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Nurses Must Lead The Charge To Reverse Obesity’s Deep Impact on Profession and Across The Country

For decades, Americans have ranked nurses as the most trusted profession. No more evident than when our nurses became our frontline heroes during the pandemic. As nurses we had to handle that tremendous burden of care, despite unnerving changes in national guidelines and policy, and an ongoing death toll over 1 million COVID deaths. Yet, while we were continuing to battle our ongoing COVID-19 epidemic, quietly, the nursing profession has been dealing with another epidemic, our growing obesity crisis, which over the past two and a half years has continued to climb, risking  our own health. Sadly, and similar to rising rates of obesity in women of color across the country, our rates of obesity have been going unchecked for too long and are now impacting our profession and our lives. Simply, it’s time we as nurses take action.

As caregivers, our job and our identity is centered around looking out for others. For that reason, there is often less time to focus on one’s own health, which can be worsened by stressors in the workplace, lack of access to healthy food, and other factors. All of these issues, in addition to genetics and more, have led to higher rates of obesity among nurses, than other professions. These rates put us at risk for hundreds of other chronic diseases like type 2 diabetes, heart disease, cardiovascular disease, and multiple types of cancer. In addition to that, living with obesity impacts our daily existence with impediments to mobility, joint pain, and sleeping disorders which impacts our ability to do our jobs. Without a healthy workforce, proper sleep, and able bodies we risk being unable to provide the standards of care we aim to provide each and every day. This is in addition to the impacted mental health of those who live and work with obesity and have to deal with the societal shame and stigma that comes with it. As nurses, we need to be more vocal about the impact obesity has on our lives and our livelihoods.

We also know that obesity is a complex chronic disease that is frequently, and deeply misunderstood. Not only does it go underdiagnosed by health professionals, but the disease also lacks the insurance coverage necessary for those living with obesity, and especially in Black and brown communities, to actually treat it. To properly address this disease, patients must have access to a comprehensive continuum of care from behavioral health interventions, such as dietary adjustments and improving exercise habits, to medical consultations with an obesity specialist who can prescribe FDA-approved anti-obesity medications, when appropriate, access to healthy and fresh foods and much, much, more.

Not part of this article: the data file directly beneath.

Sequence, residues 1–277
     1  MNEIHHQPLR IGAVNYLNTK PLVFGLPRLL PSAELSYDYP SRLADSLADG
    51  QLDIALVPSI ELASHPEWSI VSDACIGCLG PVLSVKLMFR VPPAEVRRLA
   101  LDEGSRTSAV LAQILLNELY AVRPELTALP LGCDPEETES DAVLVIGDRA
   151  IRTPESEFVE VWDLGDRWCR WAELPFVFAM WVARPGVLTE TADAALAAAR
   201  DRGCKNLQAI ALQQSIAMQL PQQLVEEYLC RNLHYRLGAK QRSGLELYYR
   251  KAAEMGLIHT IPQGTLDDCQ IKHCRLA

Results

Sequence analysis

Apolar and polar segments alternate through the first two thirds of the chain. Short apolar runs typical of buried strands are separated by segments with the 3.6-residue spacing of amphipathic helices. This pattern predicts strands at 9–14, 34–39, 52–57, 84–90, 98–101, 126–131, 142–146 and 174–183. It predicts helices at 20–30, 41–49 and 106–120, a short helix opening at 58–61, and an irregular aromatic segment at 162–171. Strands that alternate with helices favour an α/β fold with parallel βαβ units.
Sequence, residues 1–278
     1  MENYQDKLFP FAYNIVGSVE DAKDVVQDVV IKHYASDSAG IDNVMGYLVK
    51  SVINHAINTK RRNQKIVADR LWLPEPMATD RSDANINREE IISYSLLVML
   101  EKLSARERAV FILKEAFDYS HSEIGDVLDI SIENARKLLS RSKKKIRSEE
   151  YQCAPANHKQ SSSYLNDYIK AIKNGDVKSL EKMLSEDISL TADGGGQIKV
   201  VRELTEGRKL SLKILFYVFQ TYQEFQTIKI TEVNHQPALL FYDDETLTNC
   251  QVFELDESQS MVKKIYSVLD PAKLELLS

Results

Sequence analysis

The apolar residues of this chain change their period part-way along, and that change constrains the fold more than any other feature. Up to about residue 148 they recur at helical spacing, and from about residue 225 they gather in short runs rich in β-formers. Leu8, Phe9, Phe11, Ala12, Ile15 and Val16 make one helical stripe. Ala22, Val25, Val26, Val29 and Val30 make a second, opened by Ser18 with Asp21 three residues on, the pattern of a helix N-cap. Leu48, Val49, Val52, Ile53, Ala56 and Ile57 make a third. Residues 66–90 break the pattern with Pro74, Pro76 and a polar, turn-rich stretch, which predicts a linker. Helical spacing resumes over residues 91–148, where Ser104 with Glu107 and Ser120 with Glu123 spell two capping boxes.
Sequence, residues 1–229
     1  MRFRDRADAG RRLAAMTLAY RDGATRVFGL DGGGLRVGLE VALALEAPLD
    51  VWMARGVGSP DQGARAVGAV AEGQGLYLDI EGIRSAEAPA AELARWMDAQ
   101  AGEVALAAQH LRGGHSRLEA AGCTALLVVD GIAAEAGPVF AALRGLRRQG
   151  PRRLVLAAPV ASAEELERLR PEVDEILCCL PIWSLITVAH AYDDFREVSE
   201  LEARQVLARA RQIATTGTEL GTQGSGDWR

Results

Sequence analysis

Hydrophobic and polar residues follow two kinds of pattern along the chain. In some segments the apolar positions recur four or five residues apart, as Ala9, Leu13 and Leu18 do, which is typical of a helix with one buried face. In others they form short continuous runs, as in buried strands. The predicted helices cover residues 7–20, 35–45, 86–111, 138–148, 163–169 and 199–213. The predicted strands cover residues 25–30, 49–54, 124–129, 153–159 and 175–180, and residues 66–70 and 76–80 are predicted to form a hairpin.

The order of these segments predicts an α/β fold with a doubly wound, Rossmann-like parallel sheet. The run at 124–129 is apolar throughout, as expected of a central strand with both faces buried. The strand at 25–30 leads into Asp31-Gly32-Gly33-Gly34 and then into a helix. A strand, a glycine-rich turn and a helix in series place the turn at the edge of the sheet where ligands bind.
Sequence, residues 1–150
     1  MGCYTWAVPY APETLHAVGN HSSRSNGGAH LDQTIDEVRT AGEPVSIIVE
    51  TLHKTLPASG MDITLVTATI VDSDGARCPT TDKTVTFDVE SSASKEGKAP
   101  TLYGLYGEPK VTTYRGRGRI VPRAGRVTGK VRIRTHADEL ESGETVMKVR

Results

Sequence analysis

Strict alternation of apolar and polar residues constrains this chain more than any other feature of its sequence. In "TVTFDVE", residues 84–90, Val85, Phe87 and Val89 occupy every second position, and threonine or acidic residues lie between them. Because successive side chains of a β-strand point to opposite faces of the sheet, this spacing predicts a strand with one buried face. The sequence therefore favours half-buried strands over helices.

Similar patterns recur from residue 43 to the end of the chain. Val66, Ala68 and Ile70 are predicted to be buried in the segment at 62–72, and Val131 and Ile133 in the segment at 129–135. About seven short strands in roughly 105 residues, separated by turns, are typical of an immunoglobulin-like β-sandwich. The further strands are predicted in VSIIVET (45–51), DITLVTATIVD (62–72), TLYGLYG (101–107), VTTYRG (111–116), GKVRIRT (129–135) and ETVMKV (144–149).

Today, more than 40% of Americans are living with obesity. In my community, 44.8% of Hispanics live with the disease, second only to non-Hispanic blacks at nearly 50%. Among Hispanic women, approximately 80% are living with being overweight or obesity compared to 64% of their non-Hispanic, white counterparts. Bluntly, obesity does not affect all communities the same, and access to proper treatment is not available to all. We see this each and every day in our hospitals and clinics. Obesity is not the only disease this applies too, but it’s one we can take meaningful steps to address.

Right now, gaps in private and public insurance coverage leave millions who are suffering with obesity without options to reverse the deadly trajectory of the disease. Obesity is a public health threat, but especially vulnerable are our seniors. As we age, our struggle to maintain a healthy weight gets harder as the body’s metabolism slows. The 14th U.S. Surgeon General Dr. Antonia Novello said in a recent op ed, “It’s extremely important that Medicare and private insurers take every step to ensure the full coverage continuum of care regarding obesity, with the aim of reducing the burden of comorbidities across the aging population.” Congress and the Administration can take action to address this gap and expand access to obesity care immediately. That is why, the National Association of Hispanic Nurses is proud to join the Nurses Obesity Network, a network of hundreds of thousands of nurses to speak up and demand better for our profession and our patients.

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